Woody's
 Classic Movie Reviews

Victor Victoria Review

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ROBERT PRESTON MESERVY
( Jun 1918 -- Mar 1987 )  

Robert Preston (when he made his first movie the studio required him to drop his family name) was born in Newton, Massachusetts. After attending Abraham Lincoln High School in Los Angeles, he studied acting at the Pasadena Playhouse. In 1940 he married actress Catherine Craig, to whom he remained married until his death from lung cancer at age 68. During World War II he served as an intelligence officer with the Ninth Air Force in Europe. He appeared in 15 Broadway productions and 52 movies (one as a voice-over) but is best remembered as con man Harold Hill in Meredith Wilson's The Music Man , first on Broadway and then on the screen. Jack Warner wanted Frank Sinatra to play the part in the movie but Wilson insisted on Preston reprising his Tony Award-winning stage role. Fortunately for movie audiences, Wilson prevailed. Preston's impressive list of film credits include: This Gun for Hire, Wake Island, The Macomber Affair, Blood on the Moon, The Dark at the Top of the Stairs, How the West Was Won and Mame. He was nominated for the Best Actor Oscar for Victor Victoria. His last film was The Last Starfighter (another con man role).










TITLE:   VICTOR VICTORIA   

    Based on a 1933 German film, Victor Victoria involves fake homosexuality, real homosexuality, transvestism and confused sexual identity, plus a lot of good music and laughs. A gay nightclub performer in 1930s Paris, nicknamed "Toddy," (Robert Preston) encounters an out-of-work and desperately hungry singer, Victoria Grant (Julie Andrews, wife of Blake Edwards) trying to scam a free meal at a restaurant and the two of them have to make a run for it, to Toddy's apartment. He lets her stay the night because she's been evicted from her room, assuring her she need not fear for her honor. Toddy comes up with the idea of disguising Ms Grant as a man and presenting her as a male female impersonator, Victor Victoria, in a nightclub act. She's an instant hit and things are going well until a Chicago mobster (James Garner) catches her act and is smitten, and then disgusted when he's told it's really a man.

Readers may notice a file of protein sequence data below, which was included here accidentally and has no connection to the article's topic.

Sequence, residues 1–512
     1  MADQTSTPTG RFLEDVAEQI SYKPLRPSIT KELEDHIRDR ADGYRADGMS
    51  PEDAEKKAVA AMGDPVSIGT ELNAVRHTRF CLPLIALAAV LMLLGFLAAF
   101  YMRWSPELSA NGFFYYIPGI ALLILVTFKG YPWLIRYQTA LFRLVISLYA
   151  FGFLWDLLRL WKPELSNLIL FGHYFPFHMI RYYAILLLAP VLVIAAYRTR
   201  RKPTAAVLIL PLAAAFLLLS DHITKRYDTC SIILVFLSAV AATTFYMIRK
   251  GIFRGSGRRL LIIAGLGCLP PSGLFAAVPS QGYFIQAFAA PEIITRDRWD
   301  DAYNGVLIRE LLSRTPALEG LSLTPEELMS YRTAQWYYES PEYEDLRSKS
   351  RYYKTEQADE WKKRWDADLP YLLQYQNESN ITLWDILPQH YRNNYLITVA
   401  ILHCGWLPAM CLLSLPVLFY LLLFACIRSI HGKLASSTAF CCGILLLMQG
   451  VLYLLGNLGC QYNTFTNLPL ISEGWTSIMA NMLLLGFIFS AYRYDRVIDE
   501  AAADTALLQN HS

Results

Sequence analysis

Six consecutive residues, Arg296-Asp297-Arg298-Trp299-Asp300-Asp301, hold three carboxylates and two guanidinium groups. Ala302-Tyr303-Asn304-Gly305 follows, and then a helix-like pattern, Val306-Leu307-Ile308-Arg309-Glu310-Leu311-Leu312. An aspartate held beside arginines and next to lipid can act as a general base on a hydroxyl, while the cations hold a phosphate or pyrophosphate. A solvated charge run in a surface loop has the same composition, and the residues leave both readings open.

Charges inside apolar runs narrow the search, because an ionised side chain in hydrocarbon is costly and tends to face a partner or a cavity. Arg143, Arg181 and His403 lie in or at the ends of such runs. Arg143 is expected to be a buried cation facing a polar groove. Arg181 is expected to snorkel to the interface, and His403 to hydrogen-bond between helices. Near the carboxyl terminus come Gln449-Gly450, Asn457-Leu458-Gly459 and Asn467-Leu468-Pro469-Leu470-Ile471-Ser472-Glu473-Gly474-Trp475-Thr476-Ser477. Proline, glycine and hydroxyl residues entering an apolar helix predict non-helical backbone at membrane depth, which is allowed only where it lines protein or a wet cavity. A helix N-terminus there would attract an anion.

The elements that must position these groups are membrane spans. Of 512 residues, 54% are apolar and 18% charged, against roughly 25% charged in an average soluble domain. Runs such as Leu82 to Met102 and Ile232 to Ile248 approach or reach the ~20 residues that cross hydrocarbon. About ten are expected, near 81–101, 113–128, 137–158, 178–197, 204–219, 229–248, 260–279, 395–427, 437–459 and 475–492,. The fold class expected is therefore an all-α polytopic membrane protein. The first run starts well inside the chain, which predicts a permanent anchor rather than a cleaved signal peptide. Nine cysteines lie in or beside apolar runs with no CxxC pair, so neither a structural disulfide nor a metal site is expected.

To salvage his confidence in his own masculinity, Garner decides she must really be a woman, otherwise he could not have been attracted. He sets out to find out for sure and from that point things get complicated and amusing, with help from an excellent supporting cast that includes Lesley Ann Warren, Alex Karras and John Rhys-Davies. Henry Mancini won an Oscar for the music score, one of seven nominations.

1983, Directed by Blake Edwards

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